The opportunity cost of this mass privatization was gigantic. Many companies were purchased below their real net valuations. Some of the new owners were only interested in short term gains. While the initial goal was to create a level ground for the private sector actors to compete, the privatization bonanza was hijacked by some bureaucrats to sell state assets cheaply to themselves. Many staff quarters and public land were sold in the process. At Uganda Broadcasting Corporation for instance, many top officials sold UBC’s land to themselves.

Despite the flawed perception that state owned companies are ineffective, to the contrary, many are still going strong. Locally, the last surviving state-owned company, Uganda National Water and Sewerage Corporation is doing quite well. Kenya Commercial Bank, whose divesture was well managed, is operational in the entire of East African Community block. While Uganda sold its Uganda Airlines Cheaply at the “price of a stinking mackerel”, Ethiopian Airways is going strong internationally. Even Kenyan Airways is making immense contributions to the Kenyan economy. Despite posting loses some years, Kenya Airways has made Kenya a regional air transport hub and has bolstered tourism in a big way. If an international company wanted to set up a regional office, Kenya would be the perfect destination.

Uganda on the other hand can’t show what it did with the proceeds of its Airline’s sale. Prior to the Sale, most of the assets of the airline such as Staff residential Quarters and other assets were stripped from the airline. Hitherto state-owned Uganda Commercial Bank (UCB) equally had a questionable purchase value. For instance, shortly before its acquisition by Stanbic bank (Standard bank Group), the Uganda Government had borrowed money from World Bank to recapitalize UCB. However Stanbic Bank managed to acquire UCB at a lower fee than the real net worth of the company. UCB was a big bank with huge base of assets. It owned most of the buildings that housed its network of branches countrywide – and that was a significant asset base.

Exports and Import Bank of China that is giving Uganda most the loans for infrastructure development happens to be a state-owned company. Most of the Chinese Companies working on many infrastructural projects in Uganda today are all state-owned. Ethiopia’s state owned telecommunications company is doing well and posting good profits, and that is how Ethiopia can build new roads with its own money where its neighbors have to borrow or beg from donors.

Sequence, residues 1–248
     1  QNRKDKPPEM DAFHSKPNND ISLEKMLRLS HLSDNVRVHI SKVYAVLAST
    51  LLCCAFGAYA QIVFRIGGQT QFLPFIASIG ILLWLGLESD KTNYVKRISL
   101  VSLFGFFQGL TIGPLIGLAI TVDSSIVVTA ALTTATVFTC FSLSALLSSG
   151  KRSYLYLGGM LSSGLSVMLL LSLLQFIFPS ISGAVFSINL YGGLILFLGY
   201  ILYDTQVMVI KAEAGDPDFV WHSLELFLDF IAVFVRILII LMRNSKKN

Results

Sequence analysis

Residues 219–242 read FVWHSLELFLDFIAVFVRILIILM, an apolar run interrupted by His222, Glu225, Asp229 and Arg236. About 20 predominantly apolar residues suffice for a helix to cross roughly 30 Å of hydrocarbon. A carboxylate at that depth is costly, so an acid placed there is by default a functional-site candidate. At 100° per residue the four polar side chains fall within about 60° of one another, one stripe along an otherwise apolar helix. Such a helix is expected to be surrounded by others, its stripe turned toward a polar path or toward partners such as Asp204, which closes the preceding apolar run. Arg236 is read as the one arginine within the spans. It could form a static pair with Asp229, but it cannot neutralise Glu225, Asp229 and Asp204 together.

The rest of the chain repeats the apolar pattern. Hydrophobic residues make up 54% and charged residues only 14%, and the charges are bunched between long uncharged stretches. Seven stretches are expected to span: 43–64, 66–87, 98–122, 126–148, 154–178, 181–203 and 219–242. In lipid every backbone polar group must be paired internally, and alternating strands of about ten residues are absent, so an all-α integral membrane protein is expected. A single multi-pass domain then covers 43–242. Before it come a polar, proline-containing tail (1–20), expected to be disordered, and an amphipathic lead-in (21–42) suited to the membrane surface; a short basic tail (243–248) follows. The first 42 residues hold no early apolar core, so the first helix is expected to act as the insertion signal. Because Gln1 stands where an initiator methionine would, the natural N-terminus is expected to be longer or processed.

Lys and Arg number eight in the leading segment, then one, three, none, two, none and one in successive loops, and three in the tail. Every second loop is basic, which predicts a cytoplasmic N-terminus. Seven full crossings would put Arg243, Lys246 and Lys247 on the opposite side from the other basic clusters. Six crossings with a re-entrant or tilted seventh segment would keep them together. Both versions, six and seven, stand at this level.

It’s certainly understandable that some sectors such as Hospitality were not operating on a cost effective basis. Most state-owned Hotels were not bringing in profits and were instead draining from tax payers to fund their operational costs. Privatization of such entities was a good move. Hotels are better owned by private sector rather than government.

Uganda’s privatization doesn’t seem to have worked for the common citizens. It only worked for the tiny minority who took over management of formerly state owned enterprises. Those who took over hotels like Lira Hotel, Soroti Hotel etc are happy with the process. Most of the eventual owners to took over those government entities paid very negligible fees to acquire these assets in which tax payers had invested billions of shillings.

On the flip side, Privatization has no doubt led to the growth of manufacturing industries in Uganda. Most of the companies under their umbrella Body Uganda Manufacturers Association sprang up as a result of the privatization policy. While privatization of the financial sector brought on board predatory lenders, privatization led to infusion of finances from external sources into the Uganda financial market. Competition from amongst these payers has given consumers a wide array of choices.

It can thus be said that Privatization program was it itself a good thing. It was the sheer manner in which it was implemented that was haphazard and thus didn’t not translate into the benefits that would have typically been derived from it. If you have read “Confession of economic Hit man” then you can probably comprehend the intentions behind the international pressure that prompted government’s mass divesture of state-owned corporations.